From a comment piece in Stuff, by Bruce Robertson (of Hospitality NZ)
In the past five years, the level of hazardous drinking has significantly decreased for men (from 30 per cent to 26 per cent) and marginally decreased for women (13 per cent to 12 per cent).
There was a modest but important drop in the rates of hazardous drinking among Maori adults, with the rate falling from 33 per cent to 29 per cent in the latest survey.
As @tui_talk pointed out on Twitter, that’s a four percentage point decrease described as “significant” for men and “modest” for Maori.
At first I thought this might be a confusion of “statistically significant” with “significant”, with the decrease in men being statistically significant but the difference in Maori not, but in fact the MoH report being referenced says (p4)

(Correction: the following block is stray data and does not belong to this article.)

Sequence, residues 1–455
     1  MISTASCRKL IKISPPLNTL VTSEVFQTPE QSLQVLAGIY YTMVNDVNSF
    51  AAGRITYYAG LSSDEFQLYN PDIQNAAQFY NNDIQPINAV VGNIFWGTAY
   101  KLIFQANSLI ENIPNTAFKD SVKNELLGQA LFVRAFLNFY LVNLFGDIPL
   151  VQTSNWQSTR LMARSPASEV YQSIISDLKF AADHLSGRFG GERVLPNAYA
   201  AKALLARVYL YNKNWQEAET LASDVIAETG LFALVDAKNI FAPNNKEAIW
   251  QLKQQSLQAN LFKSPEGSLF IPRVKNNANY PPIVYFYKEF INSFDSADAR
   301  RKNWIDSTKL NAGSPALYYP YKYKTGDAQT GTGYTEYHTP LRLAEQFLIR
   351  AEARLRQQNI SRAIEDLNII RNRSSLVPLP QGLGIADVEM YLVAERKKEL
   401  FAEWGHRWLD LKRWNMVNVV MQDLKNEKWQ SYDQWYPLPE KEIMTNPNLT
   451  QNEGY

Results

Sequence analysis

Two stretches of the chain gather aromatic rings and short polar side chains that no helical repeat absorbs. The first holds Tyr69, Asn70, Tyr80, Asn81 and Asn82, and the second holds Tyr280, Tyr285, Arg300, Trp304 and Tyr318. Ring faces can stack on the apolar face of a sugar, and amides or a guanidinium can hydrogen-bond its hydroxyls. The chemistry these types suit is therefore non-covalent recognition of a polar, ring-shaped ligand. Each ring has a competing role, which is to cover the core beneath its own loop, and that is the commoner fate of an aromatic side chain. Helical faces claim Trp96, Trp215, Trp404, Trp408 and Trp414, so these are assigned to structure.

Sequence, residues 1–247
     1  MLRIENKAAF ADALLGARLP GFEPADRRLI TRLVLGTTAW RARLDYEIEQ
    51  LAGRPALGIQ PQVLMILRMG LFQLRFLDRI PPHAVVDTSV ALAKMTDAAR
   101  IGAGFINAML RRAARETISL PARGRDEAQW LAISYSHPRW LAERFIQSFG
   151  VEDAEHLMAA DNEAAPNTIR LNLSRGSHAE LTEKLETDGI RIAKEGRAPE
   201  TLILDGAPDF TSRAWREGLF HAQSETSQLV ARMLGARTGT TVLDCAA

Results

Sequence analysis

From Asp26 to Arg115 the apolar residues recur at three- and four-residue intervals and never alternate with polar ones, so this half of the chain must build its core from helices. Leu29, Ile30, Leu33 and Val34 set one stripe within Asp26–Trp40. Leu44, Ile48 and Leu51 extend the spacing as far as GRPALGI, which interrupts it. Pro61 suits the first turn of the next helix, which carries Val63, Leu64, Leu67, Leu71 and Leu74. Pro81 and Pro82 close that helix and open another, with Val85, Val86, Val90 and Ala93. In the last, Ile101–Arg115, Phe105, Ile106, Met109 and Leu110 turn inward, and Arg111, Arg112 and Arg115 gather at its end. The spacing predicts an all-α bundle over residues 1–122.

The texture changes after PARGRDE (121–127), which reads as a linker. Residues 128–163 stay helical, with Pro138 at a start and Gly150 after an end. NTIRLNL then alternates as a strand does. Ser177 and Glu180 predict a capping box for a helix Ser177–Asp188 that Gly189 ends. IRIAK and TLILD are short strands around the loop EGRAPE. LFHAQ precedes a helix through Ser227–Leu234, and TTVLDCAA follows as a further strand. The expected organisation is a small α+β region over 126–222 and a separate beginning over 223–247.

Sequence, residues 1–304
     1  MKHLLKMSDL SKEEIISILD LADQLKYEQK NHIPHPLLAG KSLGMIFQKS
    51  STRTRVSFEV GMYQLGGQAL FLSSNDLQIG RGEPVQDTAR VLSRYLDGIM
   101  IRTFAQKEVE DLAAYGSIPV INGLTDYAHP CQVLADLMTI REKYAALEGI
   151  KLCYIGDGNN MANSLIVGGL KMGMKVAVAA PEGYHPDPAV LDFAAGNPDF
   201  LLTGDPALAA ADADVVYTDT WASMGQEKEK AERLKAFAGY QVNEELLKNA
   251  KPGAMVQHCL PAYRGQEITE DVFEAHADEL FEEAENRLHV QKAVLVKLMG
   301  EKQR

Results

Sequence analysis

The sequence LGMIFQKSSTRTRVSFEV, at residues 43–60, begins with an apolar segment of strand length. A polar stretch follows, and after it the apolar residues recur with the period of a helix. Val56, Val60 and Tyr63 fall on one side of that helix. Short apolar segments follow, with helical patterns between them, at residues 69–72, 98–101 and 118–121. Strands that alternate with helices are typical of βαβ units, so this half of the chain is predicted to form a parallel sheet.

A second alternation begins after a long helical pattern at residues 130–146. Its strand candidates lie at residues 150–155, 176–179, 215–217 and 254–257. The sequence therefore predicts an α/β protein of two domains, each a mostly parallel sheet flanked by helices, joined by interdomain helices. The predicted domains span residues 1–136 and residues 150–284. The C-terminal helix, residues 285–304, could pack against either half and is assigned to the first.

As a percentage of all Māori adults, hazardous drinking patterns significantly decreased from 2006/07 (33%) to 2011/12 (29%).
Thomas Lumley (@tslumley) is Professor of Biostatistics at the University of Auckland. His research interests include semiparametric models, survey sampling, statistical computing, foundations of statistics, and whatever methodological problems his medical collaborators come up with. He also blogs at Biased and Inefficient See all posts by Thomas Lumley »